An hour in, to my surprise, Puredistance M changes quite drastically. First, it becomes significantly less opaque and thick, though it is still very strong and heady. Second, it turns from a floral oakmoss chypre with oriental elements into something that, to me, is purely orientalist in nature. The oakmoss was always a subtly blended accord in the opening, intertwined perfectly with the other notes but never dominating. Now, however, it is completely overshadowed by the growing impression of honeyed beeswax with spices and cinnamon-tinged vanilla. The floral notes are still there, however, including the increasingly noticeable jasmine note mixed with a slightly sweet dose of patchouli. Lastly, the sillage has dropped quite substantially. Where Puredistance M was evident from a few feet away in the first hour (at least, when you put on a decent-sized amount), it is now hovering just a foot above the skin.

Vintage bottle and box of Bel Ami.

Vintage bottle and box of Bel Ami.

In this first ninety minutes and during the opening stage, Puredistance M strongly reminded me of Hermès‘ classic Bel Ami in its vintage form. Bel Ami is a scent I grew up with and loved, so while I haven’t smelled it in years, it was the first thing on my mind in the opening hour of Puredistance M. In fact, I’ve read that Bel Ami is one of Roja Dove’s favorite fragrances.

Unsurprisingly, therefore, vintage Bel Ami is the scent to which most people compare Puredistance M, suggesting that you save your money on the latter and buy the Hermès instead. I don’t necessarily agree. Even if we consider the much stronger, more potent vintage version of Bel Ami (as compared to its current reformulated self), Puredistance M is still significantly richer, darker and denser, with much more labdanum and far less citrus influences. Plus, based on my memories of Bel Ami, it only explains the first ninety minutes of Puredistance and certainly doesn’t fit with its remaining development. Because, you see, at the start of the second hour, the perfume changes again and now, it is almost a dead ringer for Serge LutensCuir Mauresque!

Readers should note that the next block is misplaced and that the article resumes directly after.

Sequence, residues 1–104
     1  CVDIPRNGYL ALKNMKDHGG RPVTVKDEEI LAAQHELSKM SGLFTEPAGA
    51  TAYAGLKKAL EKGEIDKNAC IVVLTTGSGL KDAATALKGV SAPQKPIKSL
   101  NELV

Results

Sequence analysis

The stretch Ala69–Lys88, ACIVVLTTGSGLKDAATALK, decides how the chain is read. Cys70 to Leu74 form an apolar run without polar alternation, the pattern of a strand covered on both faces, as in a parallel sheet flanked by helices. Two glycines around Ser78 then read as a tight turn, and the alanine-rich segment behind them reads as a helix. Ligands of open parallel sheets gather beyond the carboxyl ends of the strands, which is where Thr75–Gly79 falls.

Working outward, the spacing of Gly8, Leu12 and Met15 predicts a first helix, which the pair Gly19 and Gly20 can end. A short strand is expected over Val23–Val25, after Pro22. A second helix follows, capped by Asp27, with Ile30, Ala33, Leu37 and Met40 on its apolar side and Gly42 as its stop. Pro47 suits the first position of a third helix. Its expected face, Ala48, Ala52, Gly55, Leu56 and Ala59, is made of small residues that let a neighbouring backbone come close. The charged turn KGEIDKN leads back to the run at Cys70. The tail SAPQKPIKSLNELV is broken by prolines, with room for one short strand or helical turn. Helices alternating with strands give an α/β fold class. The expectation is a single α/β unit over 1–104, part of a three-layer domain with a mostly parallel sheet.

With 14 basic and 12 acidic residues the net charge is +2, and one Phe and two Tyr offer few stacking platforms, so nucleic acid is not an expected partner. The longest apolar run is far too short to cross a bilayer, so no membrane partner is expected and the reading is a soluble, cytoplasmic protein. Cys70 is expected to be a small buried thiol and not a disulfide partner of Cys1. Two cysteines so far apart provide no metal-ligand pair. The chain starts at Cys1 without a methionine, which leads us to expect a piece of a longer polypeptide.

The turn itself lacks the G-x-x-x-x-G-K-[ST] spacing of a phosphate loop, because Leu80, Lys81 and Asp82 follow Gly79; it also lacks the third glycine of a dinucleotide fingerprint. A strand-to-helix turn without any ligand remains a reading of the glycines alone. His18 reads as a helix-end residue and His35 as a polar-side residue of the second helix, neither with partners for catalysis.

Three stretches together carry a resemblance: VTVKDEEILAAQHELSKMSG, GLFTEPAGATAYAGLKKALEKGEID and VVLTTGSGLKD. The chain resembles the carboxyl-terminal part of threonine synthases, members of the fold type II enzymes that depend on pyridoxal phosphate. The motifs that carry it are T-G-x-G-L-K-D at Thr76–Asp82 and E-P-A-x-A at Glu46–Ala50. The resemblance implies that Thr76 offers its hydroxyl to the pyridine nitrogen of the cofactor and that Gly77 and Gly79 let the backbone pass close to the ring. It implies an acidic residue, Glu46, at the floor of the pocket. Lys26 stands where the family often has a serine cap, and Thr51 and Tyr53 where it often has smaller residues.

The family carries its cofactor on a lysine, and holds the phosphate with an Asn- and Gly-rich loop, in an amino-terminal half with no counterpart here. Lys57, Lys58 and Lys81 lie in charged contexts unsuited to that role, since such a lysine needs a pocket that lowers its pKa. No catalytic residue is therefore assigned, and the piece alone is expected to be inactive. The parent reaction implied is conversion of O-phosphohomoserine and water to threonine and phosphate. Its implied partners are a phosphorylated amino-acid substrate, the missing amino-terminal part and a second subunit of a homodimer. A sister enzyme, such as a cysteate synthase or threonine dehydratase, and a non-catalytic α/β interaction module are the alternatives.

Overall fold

I recently reviewed and loved Cuir Mauresque, so I was quite stunned to find its middle notes replicated here in Puredistance’s similar stage. There are differences in the notes in each perfume and Puredistance significantly lacks the animalic civet of the Lutens but, on my skin, the middle stages for both perfumes was musky jasmine, honey, and resined amber. The burnt styrax in the Lutens is mimicked here by the occasionally burnt aspect to the different sort of resinous amber, the labdanum, and both scents share a subtle, sometimes imperceptible hint of cumin and cloves — all supported on the subtle base of leather. It helps that the Lutens was never very animalic or dirty on my skin because the civet was never strong. Here, however, the real link between the two fragrances is the jasmine, musk and dark amber combination. With the oakmoss having vanished in the second hour, Puredistance has turned into a seductive floral oriental.

Bees on beeswax. Source: McDanielHoneyFarm.com

Bees on beeswax. Source: McDanielHoneyFarm.com

The final stage of Puredistance M is very simple and is no longer anything close to Cuir Mauresque. The dry-down consists almost entirely of dark, dirty labdanum amber; rich honey and beeswax; and a hint of musky vanilla hovering underneath. The amber accord is tinged by the merest breath of something earthy, but it’s as light as a feather. In its very final hour, Puredistance M evoked pure honey and nothing more. At no time in its development were some of Puredistance’s more earthy notes dominant players; both the vetiver and patchouli added some underlying support but they were barely noticeable in their own right. There was no dirtiness or rooty darkness to the scent, and never anything animalic to the leather.